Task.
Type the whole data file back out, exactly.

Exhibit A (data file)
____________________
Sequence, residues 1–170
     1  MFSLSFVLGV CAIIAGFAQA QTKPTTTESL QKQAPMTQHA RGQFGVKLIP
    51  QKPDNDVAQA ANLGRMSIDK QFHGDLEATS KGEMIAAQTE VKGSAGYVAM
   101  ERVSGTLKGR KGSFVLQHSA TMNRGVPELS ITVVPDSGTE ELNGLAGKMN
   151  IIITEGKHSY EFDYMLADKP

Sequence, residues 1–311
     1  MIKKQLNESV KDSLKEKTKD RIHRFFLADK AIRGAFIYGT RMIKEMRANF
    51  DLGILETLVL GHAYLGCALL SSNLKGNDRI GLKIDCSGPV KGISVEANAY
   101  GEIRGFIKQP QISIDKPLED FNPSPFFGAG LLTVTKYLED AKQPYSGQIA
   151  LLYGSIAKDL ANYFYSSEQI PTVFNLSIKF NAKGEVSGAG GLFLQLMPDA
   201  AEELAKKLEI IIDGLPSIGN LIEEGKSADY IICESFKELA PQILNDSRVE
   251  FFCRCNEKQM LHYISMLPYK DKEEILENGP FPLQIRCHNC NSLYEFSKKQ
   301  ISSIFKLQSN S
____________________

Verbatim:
Sequence, residues 1–170
     1  MFSLSFVLGV CAIIAGFAQA QTKPTTTESL QKQAPMTQHA RGQFGVKLIP
    51  QKPDNDVAQA ANLGRMSIDK QFHGDLEATS KGEMIAAQTE VKGSAGYVAM
   101  ERVSGTLKGR KGSFVLQHSA TMNRGVPELS ITVVPDSGTE ELNGLAGKMN
   151  IIITEGKHSY EFDYMLADKP

Sequence, residues 1–311
     1  MIKKQLNESV KDSLKEKTKD RIHRFFLADK AIRGAFIYGT RMIKEMRANF
    51  DLGILETLVL GHAYLGCALL SSNLKGNDRI GLKIDCSGPV KGISVEANAY
   101  GEIRGFIKQP QISIDKPLED FNPSPFFGAG LLTVTKYLED AKQPYSGQIA
   151  LLYGSIAKDL ANYFYSSEQI PTVFNLSIKF NAKGEVSGAG GLFLQLMPDA
   201  AEELAKKLEI IIDGLPSIGN LIEEGKSADY IICESFKELA PQILNDSRVE
   251  FFCRCNEKQM LHYISMLPYK DKEEILENGP FPLQIRCHNC NSLYEFSKKQ
   301  ISSIFKLQSN S